Photography Tips for Better Flatlays

Wednesday, February 22, 2017


Let me start by saying that I'm obsessed with beauty flatlay's. Every time I see one I like I save it, either using Instagram's save feature, to my Pinterest board or to an actual flatlay inspiration folder that I have saved on my desktop. Because I've spent so much time looking at them, and then even more time shooting them, I've picked up a few tips and tricks that I thought I would share with you here. As everyone has a different eye for what they like to see in a photo, this is definitely not a checklist for things that you should or shouldn't do! This is just the way that I like to shoot mine. 

Lighting 

We all know that good lighting is the key to good photography, but sometimes finding the light can be tricky, especially when it's 4.30pm on a dreary, rainy day and the sun has already started to set. My best advice for taking well lit images is to use a portable background. I use an Ikea table top (you can buy them separately and they're really affordable) which I position directly under my bedroom window. If the sun has started to set then I pick it up and carry it to my office, because it has the best evening sunlight. If you prefer to use marble or floorboards as your backdrop then you can still use this technique, just pick up a small square of laminate flooring or some marble adhesive film from a DIY shop. Much as though it can be tempting, try not to resort to using your camera/iPhone flash, or artificial lighting in the form of a lamp or ceiling light, as your images will probably come out looking gloomy and low quality. 

Another tip for maximising light is to bulk shoot your flatlays on sunny days. It requires serious motivation to give up time spent in the sunshine for taking photos, but for me it's a sacrifice I'm happy to make. I try to shoot between 5 and 8 images at the weekend so that I have enough for at least one Instagram post a day, as I work full time so I'm not seeing any sunlight at all on weekdays right now. 

Composition 

I usually take between 10-30 images of one flatlay, making small tweaks to the positioning of the items in the photo between shots, it takes a lot of trial and error as often the image you have in your mind doesn't actually translate on camera. 

I've found that adding different textures and levels helps to make a flatlay more interesting. For example, I'll often lay scarves in the corners of my images to break up the white space a little, as I don't want it to look bare. Positioning products on top of books or magazines helps to draw the viewers eye to the part of the image that you want them to look at, as they will be physically higher than the other elements in shot. If you use scrunched fabric it can give a comforting feel to the photo, as naturally you think of snuggly blankets when you see it.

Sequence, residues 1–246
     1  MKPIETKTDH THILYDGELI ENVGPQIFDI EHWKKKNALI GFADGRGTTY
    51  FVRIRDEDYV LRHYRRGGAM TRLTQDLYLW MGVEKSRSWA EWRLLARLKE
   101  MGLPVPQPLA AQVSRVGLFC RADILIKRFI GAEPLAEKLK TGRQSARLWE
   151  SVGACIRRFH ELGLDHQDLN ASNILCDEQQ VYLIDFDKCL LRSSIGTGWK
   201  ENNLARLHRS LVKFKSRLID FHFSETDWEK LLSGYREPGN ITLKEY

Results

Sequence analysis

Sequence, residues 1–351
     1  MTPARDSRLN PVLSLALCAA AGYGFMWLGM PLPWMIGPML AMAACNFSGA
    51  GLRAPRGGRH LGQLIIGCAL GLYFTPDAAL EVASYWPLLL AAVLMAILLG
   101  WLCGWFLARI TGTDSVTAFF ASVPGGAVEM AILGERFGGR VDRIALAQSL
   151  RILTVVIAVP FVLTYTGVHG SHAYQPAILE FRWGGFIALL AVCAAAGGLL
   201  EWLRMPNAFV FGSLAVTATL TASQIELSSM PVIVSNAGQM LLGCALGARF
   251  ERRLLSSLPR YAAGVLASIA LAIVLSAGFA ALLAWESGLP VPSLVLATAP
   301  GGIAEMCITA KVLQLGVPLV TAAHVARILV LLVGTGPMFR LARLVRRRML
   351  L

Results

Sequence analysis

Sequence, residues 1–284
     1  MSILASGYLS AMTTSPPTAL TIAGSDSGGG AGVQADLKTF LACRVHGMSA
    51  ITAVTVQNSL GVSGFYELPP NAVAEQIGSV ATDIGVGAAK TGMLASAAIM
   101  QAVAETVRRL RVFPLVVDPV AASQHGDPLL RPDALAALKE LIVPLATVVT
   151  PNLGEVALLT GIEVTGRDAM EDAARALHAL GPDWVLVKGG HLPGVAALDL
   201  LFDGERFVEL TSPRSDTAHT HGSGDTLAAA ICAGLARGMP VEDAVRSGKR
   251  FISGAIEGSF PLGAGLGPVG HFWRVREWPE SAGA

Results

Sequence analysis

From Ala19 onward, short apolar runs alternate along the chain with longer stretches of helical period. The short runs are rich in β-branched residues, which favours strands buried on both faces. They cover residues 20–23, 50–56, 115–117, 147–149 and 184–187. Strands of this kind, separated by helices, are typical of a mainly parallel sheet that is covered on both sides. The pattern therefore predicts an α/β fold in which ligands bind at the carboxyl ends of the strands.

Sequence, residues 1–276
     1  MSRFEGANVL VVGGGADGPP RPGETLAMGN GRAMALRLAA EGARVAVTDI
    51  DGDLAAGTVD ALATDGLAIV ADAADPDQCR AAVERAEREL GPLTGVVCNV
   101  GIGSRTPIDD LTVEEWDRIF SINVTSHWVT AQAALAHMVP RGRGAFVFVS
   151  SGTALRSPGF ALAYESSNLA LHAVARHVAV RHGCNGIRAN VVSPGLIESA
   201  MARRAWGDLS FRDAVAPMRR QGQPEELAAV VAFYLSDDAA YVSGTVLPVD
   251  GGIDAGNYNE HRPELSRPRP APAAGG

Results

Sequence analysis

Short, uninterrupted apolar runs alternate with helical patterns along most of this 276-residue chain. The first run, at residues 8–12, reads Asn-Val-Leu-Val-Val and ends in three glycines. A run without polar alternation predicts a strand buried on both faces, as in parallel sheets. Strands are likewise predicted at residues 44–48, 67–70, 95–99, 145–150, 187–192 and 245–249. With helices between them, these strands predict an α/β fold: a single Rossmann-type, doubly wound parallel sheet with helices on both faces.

Props 

I actually started with a tiny box of props, and now my office has essentially become a prop storage space. Props are amazing for breaking up white space and for helping to evoke a certain mood or theme in a photo. For example, if I use a pink scarf for the background and then add some candy hearts and a heart shaped cookie cutter, the flatlay will feel romantic (this works well for rose coloured/scented products). If I use a black and white magazine page and some little silver stars with white flowers, the flatlay will feel minimalist and chic (this works great for skincare products which are usually monochrome). Some of my favourite props to use are below (with links to where you can buy them). 

- Sequins and confetti (great for filling excess white space!) 
- Other beauty products (Nail polishes, eyelash curlers, lipsticks with nice packaging) 
I hope this post was helpful! I'm in no way a flatlay or photography master, but I had a few requests to write a photography post so I thought I would share the things that I have learned so far. Let me know if you have any more tips/tricks in the comments, I'd love to hear them! 

Fx 

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